So Seila drops us at the bottom of the hill with one thousand tuk tuks and ten thousand tourist. He points to a big tree and says he will meets us here.
This is our first taste of the temples and we are in shock at the number of people around. Not just the volume of tourist but the manic feel in the air. It seems that every one is afraid they are going to miss out on something, the suns going down... Hurry Hurry! or you won't get to see the amazing sunset. Hurry Hurry! or you won't get a better spot than the person behind you. No one is actually saying these words, but that is the vibe floating in the air.
I found Cambodia to be a lot of hard work. We only had four days and there was so much we wanted to see.
Imagine our time there as a full length film shown on fast forward, so it can fit it into a short film time slot. Then imagine that every now and then there is a scene so moving or so incredibly beautiful either in nature or vision, that the film slows down, sometimes almost stopping so that we can savour the moment. This is how I think of my four days in Cambodia and walking up this path I experienced the first moment I would slow down to the point of almost stopping the film.
We are following the hoards of tourist to the top of the mountain when all of a sudden coming down the hill, against the flow is a group of about five priest dressed in their rich orange/ocher robes. Their dusty feet in flip flops are making slow heavy steps as they walk down the incline. The sun dropping behind them makes the scene slightly surreal.
Two of the priest have their arms linked and the one closest to me has a mobile phone held at chest height. Just as I realise he is filming the crowds making their way to the temple he looks at me and makes eye contact. He smiles a cheeky smile as if to say isn't this crazy, then winks at me! and he is gone, down the hill, while I continue up with the rest of the crowd.
This was a moment of beautiful rich colours, amazing sunlight, crowds of people. A moment of surprise when something totally unexpected caught my eye and touched my heart.
Once you reach the top everyone clamers up the steep stairs to get a good view point.
Riley all the way at the top of the stairs. The stairs are steep, narrow and worn smooth on the edges.
All together waiting for the sunset, cameras at the ready.
This was our first look at a temple in Cambodia but the amount of tourist most definitely had more of an impact on us than the temple itself did.
The sun starts to go down, we have been here for maybe 15 mins. Ross and I have seen alot of amazing sunsets and the ambiance for this one is ruined by the fact we can hardly find a place to stand. Couple this with the thought of getting down those stairs and the hill in the dark with all these other people? Well... that is enough to make us leave.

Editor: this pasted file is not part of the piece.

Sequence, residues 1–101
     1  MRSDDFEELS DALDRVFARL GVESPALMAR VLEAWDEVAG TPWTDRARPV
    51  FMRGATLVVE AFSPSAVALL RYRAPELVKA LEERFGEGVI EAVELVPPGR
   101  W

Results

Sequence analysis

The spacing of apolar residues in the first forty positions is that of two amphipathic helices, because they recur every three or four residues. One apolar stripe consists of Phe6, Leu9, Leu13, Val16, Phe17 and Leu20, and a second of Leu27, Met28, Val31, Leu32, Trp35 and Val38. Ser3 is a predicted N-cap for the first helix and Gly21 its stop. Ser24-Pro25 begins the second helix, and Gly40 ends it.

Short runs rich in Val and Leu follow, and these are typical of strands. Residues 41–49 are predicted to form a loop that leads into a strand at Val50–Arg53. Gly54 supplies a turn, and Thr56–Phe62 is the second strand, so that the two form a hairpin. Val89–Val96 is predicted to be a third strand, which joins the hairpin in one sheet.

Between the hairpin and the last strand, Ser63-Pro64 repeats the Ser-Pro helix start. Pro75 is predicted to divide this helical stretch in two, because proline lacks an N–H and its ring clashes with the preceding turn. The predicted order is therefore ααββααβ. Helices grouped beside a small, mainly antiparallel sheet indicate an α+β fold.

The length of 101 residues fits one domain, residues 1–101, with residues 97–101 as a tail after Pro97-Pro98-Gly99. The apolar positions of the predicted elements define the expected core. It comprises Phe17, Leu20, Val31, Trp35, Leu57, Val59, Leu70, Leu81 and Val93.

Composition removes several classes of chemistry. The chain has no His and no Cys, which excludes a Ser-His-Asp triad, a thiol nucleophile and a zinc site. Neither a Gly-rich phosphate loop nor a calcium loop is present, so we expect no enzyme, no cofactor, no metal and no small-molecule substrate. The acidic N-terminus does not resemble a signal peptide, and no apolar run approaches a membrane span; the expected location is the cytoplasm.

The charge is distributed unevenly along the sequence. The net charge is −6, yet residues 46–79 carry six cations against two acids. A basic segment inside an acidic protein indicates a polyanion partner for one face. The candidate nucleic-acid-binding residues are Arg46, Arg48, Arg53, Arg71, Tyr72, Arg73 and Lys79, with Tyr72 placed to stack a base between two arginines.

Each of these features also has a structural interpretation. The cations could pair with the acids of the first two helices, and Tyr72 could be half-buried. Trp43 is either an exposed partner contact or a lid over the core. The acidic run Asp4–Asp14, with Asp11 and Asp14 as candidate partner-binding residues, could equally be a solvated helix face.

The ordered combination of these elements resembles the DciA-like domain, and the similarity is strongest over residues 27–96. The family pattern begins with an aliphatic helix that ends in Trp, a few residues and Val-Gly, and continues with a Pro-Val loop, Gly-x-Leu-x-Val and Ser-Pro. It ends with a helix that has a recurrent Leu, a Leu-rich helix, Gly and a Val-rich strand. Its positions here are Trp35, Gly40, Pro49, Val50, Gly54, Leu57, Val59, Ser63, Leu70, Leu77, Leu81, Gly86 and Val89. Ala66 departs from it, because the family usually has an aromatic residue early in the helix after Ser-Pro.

So we left before the sunset.
trying to get to the big tree I nearly get Tannalee and I run over, I feel sick at the stupidity of it!
We wait by the big tree, and wait,and wait. Well we did leave well before the sunset and reason that Seila wasn't expecting us back for some time. On the way back to the hotel Seila takes us to a local night markets.
There were fields and fields of people sitting on blankets having dinner together, selling things and riding on amusement rides. Truly as far as the eye could see people were shopping, eating and enjoying the festival. Seila said this market is on every night, but later when we spoke to our guide he said it was a special weekend with a very big popular band playing, so we aren't really sure what was going on but it was incredible!
Riley was going to eat a spider but I freaked out and wouldn't let him!
We say that Cambodia wasn't a culture shock, but this market was. We have never seen anything like it. I have videos that I tried to put on YouTube but it took to long to load, if I can figure out how to do it later I'll add a link.
We drive back to the hotel and eat there on our first night the food was really nice and we slept well under our nets. I can't believe we did all that on the day we flew in!
Day two is spent with our lovely guide, who is a walking encyclopedia
Day 2 January 3rd
After our experience with the sunset last night Ross and I agree we aren't going to bother with sunsets or sunrises. I think at first Seila finds it slightly troubling that we don't want too, like he's not sure why. But then he has a big smile on his face when we tell him "Be Happy you can sleep in".
So we arrange to get picked up at about 8am
Our hotel is quite ornate this is the dinning room
Breakfast is delicious
When Seila pulls up we tell him that we had meant to ask for a guide today, would it be possible to arrange one even if just for the afternoon. He pulls out his beloved mobile phone and presto in about 15mins a guide turns up, we now have a five seater tuk tuk:)
I feel terrible that I can't remember our guides name I think it was Kear(so I will refer to him as such)
Kear jumped into the tuk tuk with a great big smile and his breakfast, he apologized for eating but said he just came straight away and had no time for breakfast. Of this we had no doubt as he turned up so quickly, he did offer us some of his big flat fried bread thingies but we declined. Our education began that day when Ross asked him what they were and Kear described how they are made.
Today's our feelings for Kear would be mixed at one moment full of admiration for his knowledge and photography skills, the next wishing he would just stop talking and let us go into the temple or move along!!
We arrive at Angkor Wat and sit on the wall while Kear tells us when it was built, who built it, how big it is etc. etc.